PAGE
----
- Embarrassment. If a child has obvious oral health issues, such as decay, they can feel self-conscious and embarrassed.
- Lack of control. Fear of losing control is related to the fear of pain. A child knows that the big person with the pointy instruments is in charge. If there’s pain or discomfort, the child may very likely feel that he or she has no control over it.
Helping Your Child Overcome Dental Anxiety
As a parent, you can help your child manage and overcome their fears. We’ve included some of our dental anxiety management tips so you can help your children have a positive experience at every dental visit.
- Take them to the dentist early on. It’s recommended children visit a dentist when their first tooth appears or by their first birthday.
- Visit a pediatric dentist. Pediatric dentists are uniquely trained in caring for children’s oral health, including helping them feel safe and comfortable during visits.
- Let them bring something that comforts them such as a toy or blanket. This helps your child feel more comfortable during their entire visit.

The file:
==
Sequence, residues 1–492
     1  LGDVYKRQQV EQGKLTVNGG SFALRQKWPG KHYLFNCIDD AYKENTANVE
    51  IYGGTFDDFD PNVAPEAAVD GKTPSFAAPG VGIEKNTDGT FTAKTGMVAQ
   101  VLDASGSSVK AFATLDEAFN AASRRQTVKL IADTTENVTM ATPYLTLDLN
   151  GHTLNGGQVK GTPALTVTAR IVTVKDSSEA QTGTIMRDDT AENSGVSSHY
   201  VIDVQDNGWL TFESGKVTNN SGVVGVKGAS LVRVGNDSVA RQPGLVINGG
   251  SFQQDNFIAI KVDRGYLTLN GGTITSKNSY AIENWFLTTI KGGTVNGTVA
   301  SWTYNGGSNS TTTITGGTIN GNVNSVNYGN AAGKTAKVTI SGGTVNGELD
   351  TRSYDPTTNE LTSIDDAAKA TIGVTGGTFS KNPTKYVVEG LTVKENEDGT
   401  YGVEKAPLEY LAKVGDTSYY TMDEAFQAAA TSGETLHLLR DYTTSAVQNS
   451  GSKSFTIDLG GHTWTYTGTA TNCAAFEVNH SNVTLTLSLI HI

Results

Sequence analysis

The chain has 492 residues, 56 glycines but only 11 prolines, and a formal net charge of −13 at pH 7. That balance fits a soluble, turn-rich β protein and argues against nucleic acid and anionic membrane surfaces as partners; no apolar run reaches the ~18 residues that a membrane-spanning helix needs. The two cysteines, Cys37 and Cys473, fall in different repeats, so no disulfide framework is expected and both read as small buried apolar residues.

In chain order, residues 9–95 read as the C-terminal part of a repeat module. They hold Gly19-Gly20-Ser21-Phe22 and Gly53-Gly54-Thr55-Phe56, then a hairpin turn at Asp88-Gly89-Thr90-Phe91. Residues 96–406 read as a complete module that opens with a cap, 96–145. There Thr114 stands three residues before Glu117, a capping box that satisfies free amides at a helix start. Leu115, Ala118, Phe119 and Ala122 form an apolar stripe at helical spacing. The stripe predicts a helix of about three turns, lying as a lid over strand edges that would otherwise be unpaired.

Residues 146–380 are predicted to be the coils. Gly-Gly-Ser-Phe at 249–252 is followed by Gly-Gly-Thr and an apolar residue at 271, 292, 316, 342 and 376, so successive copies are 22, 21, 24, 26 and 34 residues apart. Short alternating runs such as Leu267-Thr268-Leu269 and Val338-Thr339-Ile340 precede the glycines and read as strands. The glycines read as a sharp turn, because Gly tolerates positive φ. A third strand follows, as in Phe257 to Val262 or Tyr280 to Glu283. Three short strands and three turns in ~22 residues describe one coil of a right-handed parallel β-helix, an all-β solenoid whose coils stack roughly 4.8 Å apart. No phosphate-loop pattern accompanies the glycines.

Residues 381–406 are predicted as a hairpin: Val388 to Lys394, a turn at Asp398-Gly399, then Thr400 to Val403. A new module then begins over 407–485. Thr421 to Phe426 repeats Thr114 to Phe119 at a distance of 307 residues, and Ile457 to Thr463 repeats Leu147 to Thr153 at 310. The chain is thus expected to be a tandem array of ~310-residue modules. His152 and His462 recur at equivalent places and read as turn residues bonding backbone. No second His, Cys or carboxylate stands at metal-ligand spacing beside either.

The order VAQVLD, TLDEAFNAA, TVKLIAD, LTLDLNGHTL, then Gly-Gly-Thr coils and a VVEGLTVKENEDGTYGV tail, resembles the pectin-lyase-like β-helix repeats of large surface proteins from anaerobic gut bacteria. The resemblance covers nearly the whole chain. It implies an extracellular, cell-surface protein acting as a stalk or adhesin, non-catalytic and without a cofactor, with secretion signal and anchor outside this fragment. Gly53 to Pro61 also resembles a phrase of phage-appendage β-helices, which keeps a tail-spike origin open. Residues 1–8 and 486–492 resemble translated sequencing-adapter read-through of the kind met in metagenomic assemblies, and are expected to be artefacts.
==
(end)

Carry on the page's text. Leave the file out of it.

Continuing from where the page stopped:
- Speak positively about dental visits. The way you speak about the dentist can directly impact how your child sees the dentist; so it’s important that you don’t speak poorly about dental visits.
- Focus on practicing good oral health habits at home. When children are familiar with brushing, flossing, and the importance of oral health, it helps them have fewer oral health issues and more-positive experiences at the dentist.
- Give positve reniforcment. Before, during, and after dental visits, give your child praise for being able to take the steps required to have a healthy smile.
If you have any questions about pediatric dental anxiety or are ready to schedule your child’s dental visit—contact the Broad Smiles Pediatric Dentistry team, located in Lynn and Salem, MA.Learn About First Dental Visits See Contact & Location Information